While previous research has found that children who are bilingual may have a more limited vocabulary in each language than their monolingual peers, a new study has added some context to this finding, and it’s all good news.
The researchers behind this work have found that bilingual children excel when telling stories and are giving their brains a brilliant workout and keeping up with their monolingual peers when they do so.
The University of Alberta research team looked at a group of French-English bilingual children aged between 4 and 6, who have all been taught two languages since birth.
They found that bilingual children used just as many words to tell a story — in both English and French — as monolingual children, Eureka Alert reports.
Because vocabulary is a predictor of school success, some parents of bilingual kids — who often have fewer words than kids who speak one language — may have worries about their child’s school performance.
But this new research tells us that those worries may be baseless.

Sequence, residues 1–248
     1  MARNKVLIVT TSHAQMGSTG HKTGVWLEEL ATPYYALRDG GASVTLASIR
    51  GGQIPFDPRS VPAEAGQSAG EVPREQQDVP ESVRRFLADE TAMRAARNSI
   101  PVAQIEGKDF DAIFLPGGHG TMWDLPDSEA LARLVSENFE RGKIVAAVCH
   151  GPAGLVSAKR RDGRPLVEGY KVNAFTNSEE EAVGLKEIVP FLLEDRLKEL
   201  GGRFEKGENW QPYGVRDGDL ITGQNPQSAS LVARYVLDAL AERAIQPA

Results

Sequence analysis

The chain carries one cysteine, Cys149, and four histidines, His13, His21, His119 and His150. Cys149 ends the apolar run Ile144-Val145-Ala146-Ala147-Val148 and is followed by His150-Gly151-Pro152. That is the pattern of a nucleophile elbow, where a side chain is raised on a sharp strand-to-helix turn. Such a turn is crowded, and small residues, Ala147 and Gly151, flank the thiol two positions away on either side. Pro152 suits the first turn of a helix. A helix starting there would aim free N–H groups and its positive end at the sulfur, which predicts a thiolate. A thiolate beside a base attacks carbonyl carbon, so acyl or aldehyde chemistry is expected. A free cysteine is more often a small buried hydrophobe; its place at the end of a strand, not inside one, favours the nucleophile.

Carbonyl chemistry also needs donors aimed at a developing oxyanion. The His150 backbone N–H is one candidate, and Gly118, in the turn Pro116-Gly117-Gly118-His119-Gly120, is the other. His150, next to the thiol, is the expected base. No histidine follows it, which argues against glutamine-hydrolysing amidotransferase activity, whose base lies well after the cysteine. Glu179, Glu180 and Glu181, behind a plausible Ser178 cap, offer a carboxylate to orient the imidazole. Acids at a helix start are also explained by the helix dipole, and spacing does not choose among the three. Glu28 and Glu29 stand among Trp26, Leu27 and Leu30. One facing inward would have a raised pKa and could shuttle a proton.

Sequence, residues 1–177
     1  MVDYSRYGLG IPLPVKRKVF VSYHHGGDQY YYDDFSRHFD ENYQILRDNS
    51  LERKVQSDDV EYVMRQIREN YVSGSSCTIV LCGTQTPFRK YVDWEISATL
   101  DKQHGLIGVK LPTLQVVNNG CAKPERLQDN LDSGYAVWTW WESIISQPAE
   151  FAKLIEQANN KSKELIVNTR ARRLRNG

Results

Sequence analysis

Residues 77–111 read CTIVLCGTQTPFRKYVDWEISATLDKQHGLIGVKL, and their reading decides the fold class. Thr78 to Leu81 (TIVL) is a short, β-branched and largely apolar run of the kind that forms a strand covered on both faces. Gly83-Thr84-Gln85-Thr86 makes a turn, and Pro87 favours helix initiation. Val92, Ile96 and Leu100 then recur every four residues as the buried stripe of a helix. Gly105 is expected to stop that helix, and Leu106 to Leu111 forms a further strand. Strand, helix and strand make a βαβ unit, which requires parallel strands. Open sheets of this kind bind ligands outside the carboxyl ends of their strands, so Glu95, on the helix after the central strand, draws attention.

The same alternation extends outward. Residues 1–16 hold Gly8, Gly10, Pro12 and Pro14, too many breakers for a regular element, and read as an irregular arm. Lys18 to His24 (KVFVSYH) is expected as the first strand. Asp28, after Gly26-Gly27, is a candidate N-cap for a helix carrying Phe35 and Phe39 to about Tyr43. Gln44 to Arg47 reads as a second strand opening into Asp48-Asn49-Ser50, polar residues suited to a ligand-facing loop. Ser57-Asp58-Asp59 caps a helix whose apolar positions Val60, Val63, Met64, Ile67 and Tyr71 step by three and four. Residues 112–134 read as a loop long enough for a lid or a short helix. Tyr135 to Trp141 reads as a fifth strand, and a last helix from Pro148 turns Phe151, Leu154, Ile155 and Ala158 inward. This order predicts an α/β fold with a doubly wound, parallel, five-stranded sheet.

“These results suggest that parents of bilingual children do not need to be concerned about long-term school achievement,” Elena Nicoladis, lead author and professor in the University of Alberta’s Department of Psychology said.
Words as a super-power
This research suggests that the creative way bilingual children are using their words is, in fact, a bit of a super power.
Experts tell us that storytelling ability is another indicator of school readiness and a sign that children will thrive when they hit the classroom.
And it turns out that the bilingual kids in this new study told stories with relish. In more than one language. Using just as many words in their stories as their one-languaged peers. Bam!
“The past research [revealing lower vocabulary in bilingual kids] is not surprising,” Professor Nicoladis said.
“Learning a word is related to how much time you spend in each language. For bilingual children, time is split between languages. So, unsurprisingly, they tend to have lower vocabularies in each of their languages.”
“However, this research shows that as a function of storytelling, bilingual children are equally strong as monolingual children.”